R.10 Read and comprehend complex literary and informational texts independently and proficiently.


ELA » Anchor Standards » College and Career Readiness Anchor Standards for Writing

Text Types and Purposes

W.1 Write arguments to support claims in an analysis of substantive topics using valid reasoning and relevant and sufficient evidence.

W.2 Write informative/explanatory texts to examine and convey complex ideas and information clearly and accurately through the effective selection, organization, and analysis of content.

W.3 Write narratives to develop real or imagined experiences or events using effective technique, well-chosen details and well-structured event sequences.

Production and Distribution of Writing

W.4 Produce clear and coherent writing in which the development, organization, and style are appropriate to task, purpose, and audience.

W.5 Develop and strengthen writing as needed by planning, revising, editing, rewriting, or trying a new approach.

W.6 Use technology, including the Internet, to produce and publish writing and to interact and collaborate with others.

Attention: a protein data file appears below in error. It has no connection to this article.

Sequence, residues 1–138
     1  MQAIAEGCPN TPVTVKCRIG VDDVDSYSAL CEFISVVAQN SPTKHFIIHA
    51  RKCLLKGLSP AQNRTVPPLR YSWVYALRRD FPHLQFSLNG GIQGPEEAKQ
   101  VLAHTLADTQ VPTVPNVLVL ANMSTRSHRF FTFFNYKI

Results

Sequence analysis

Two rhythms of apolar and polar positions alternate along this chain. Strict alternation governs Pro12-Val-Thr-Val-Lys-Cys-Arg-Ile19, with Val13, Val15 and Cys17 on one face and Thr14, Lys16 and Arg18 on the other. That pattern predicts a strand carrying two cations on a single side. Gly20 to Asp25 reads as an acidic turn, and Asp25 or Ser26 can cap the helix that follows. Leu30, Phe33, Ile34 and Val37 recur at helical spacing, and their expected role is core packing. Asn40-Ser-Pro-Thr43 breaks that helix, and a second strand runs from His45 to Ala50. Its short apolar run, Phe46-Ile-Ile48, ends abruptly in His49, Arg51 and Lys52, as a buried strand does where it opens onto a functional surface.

Research to Build and Present Knowledge

W.7 Conduct short as well as more sustained research projects based on focused questions, demonstrating understanding of the subject under investigation.

W.8 Gather relevant information from multiple print and digital sources, assess the credibility and accuracy of each source, and integrate the information while avoiding plagiarism.

W.9 Draw evidence from literary or informational texts to support analysis, reflection, and research.

Range of Writing

W.10 Write routinely over extended time frames (time for research, reflection, and revision) and shorter time frames (a single sitting or a day or two) for a range of tasks, purposes, and audiences